A Literal Bird

A Literal Bird

Geoffrey Giller
Published: 07/25/2013

A male peacock shows off its full display. Photo by Koshy Koshy / CC BY 2.0

Peacocks have some of the most ostentatious (and famous) feathers in the animal kingdom. When in full display mode, the males are a sight to behold, their grand fan of feathers reaching heights of over five feet, with shimmering greens, blues, and coppers forming the distinctive “eyespot” patterns.

But as it turns out, peahens (the females of the species) don’t pay too much attention to the impressive height of those flamboyant feathers. A study, published yesterday in the Journal of Experimental Biology, found that peahens directed their gaze at the lower part of the display, including the denser feathers at the very bottom of the fan. The upper parts of the display, which includes most of the eyespots as well as the distinctive “fishtail”-shaped feathers at the end (see photo above), were mostly ignored. “It was definitely surprising when we initially saw that most of the gaze was directed at the lower portion of the peacock’s train,” says Jessica Yorzinski, the lead author of the study.

A peahen shows off her eye-tracking system while a peacock displays in the background. Photo by Jessica Yorzinski.

The researchers outfitted 16 peahens with small helmets that use a high-tech vision-tracking system to see exactly what the birds are looking at. The system, adapted from similar ones used in psychological studies of humans, uses infrared light reflections to pinpoint where the birds are looking. The researchers analyzed the footage from the setup (see an example here) and calculated the amount of time each peahen spent looking at the various parts of the males’ displays.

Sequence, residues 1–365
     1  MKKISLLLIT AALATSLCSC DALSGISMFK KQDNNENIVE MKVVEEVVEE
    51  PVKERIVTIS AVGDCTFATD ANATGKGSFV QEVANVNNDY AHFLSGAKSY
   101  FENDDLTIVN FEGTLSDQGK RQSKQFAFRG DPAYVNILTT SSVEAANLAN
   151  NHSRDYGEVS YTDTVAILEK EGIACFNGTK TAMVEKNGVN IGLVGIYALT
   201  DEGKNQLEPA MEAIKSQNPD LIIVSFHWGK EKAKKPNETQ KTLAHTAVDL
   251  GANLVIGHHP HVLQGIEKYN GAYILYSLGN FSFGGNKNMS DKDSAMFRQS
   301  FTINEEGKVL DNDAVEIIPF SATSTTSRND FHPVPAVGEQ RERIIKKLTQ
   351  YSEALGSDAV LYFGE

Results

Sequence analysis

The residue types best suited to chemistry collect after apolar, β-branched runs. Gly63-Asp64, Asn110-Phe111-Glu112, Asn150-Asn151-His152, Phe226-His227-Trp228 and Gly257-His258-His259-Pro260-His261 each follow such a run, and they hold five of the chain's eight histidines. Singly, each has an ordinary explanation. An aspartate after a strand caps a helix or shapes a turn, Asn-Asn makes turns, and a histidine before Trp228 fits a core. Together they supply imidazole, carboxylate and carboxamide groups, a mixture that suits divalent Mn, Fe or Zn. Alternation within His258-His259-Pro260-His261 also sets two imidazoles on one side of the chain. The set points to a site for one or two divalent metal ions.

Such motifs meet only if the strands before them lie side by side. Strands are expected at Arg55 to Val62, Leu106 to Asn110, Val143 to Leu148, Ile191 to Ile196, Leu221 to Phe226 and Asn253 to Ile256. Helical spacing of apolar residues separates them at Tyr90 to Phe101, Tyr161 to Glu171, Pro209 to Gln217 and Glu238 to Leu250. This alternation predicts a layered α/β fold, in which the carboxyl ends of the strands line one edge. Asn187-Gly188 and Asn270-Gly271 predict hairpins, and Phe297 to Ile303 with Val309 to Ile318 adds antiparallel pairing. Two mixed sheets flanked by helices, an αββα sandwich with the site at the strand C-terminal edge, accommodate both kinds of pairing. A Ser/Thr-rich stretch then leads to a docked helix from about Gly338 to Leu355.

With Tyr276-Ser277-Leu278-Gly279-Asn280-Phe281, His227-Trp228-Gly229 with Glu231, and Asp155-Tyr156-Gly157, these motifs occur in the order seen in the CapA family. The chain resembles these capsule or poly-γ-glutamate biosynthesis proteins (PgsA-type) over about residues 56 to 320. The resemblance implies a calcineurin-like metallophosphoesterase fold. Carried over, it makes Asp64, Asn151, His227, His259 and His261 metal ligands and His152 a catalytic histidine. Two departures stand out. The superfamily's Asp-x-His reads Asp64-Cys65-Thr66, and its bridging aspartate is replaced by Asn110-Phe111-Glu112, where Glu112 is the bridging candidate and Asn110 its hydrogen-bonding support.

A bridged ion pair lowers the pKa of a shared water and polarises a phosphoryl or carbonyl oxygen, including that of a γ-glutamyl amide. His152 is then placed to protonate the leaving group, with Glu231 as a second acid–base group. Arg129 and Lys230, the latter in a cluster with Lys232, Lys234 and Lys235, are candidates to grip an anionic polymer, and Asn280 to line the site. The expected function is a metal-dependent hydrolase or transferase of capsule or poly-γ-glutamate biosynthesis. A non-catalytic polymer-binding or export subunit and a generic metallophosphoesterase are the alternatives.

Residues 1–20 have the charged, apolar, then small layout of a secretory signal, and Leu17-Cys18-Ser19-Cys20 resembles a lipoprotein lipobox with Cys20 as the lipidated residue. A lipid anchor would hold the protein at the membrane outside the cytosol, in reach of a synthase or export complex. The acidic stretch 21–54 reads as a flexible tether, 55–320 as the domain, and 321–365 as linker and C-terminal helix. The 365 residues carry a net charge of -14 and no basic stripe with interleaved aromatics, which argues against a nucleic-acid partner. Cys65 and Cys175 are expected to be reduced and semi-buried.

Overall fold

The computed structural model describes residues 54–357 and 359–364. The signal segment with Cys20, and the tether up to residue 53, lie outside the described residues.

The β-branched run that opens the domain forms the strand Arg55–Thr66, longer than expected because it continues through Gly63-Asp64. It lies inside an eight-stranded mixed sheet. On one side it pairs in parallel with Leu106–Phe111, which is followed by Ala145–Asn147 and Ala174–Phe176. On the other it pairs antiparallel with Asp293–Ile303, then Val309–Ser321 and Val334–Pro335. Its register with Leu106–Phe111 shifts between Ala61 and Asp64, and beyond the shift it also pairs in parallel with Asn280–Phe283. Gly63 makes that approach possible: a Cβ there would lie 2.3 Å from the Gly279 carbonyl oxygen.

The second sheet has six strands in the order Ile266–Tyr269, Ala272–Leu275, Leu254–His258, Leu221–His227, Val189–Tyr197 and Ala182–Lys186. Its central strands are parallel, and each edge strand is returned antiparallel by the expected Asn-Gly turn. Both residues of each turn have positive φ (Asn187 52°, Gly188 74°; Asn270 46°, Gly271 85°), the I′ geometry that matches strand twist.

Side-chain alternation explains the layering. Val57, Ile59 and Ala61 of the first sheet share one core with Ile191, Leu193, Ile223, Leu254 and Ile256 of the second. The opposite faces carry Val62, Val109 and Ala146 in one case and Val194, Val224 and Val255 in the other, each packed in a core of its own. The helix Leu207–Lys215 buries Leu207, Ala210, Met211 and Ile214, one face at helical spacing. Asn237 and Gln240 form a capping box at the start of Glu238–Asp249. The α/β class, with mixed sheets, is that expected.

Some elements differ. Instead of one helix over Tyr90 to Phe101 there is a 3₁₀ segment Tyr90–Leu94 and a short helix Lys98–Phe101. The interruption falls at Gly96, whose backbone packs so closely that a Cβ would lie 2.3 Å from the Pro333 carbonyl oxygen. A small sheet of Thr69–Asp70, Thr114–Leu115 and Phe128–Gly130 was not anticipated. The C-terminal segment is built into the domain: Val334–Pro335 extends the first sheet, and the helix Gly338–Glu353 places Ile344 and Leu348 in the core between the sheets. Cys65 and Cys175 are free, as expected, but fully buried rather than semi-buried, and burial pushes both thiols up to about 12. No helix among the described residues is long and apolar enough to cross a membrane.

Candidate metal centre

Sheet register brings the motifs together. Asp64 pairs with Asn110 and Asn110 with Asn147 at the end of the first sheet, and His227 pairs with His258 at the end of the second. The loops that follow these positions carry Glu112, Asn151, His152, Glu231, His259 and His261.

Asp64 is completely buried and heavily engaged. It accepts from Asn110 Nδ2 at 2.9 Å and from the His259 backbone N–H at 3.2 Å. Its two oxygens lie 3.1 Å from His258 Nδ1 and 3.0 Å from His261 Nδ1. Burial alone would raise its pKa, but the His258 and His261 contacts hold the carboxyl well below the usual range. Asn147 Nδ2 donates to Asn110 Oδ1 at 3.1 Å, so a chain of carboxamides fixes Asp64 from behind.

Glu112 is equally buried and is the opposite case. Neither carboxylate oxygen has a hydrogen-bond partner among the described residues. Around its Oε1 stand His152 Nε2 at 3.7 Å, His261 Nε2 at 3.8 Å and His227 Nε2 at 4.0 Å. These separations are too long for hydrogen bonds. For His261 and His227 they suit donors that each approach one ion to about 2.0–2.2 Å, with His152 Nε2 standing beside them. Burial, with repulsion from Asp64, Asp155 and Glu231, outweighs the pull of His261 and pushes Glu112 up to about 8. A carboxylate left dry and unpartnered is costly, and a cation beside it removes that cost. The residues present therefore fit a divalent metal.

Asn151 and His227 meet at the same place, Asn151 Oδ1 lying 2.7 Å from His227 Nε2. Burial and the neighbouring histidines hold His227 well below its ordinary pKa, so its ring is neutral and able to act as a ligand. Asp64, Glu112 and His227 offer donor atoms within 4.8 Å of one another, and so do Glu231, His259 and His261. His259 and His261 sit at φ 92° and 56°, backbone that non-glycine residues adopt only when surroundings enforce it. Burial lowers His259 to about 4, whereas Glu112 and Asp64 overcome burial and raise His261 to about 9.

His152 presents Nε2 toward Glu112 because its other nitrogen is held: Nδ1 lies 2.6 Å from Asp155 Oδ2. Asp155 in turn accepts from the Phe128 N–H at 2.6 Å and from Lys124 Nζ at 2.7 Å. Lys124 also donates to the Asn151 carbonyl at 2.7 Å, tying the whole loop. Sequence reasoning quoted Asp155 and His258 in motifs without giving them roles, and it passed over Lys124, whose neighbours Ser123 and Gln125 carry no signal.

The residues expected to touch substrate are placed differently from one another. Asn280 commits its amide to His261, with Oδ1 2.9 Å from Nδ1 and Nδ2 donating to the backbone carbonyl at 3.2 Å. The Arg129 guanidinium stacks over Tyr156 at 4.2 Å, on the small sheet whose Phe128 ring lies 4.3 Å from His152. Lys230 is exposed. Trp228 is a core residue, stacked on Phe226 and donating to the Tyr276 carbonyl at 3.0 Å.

A peahen (foreground) and displaying peacock (background). The "backpack" housing part of the eye-trackign system can be seen on the peahen. Photo by Jessica Yorzinski.

For Yorzinski, the most intriguing part of the research was seeing the peacock displays through the females’ eyes. She says she could essentially “ask [each peahen] what visual signals she’s using when she’s choosing a mate.”

The researchers were also curious why the peacocks would evolve such tall displays if the females were only looking at the bottom part. They suggest that females may use the top of the display to find the males in the dense vegetation of their native habitat. But once they locate the males, the females turn their gaze away from the towering heights of the feathers, focusing solely on the lower feathers.

Yorzinski says that this is the first time anyone has used this eye-tracking technology to find out exactly what catches a peahen’s fancy. The technique could be expanded to other species, offering bird’s-eye views like never before.


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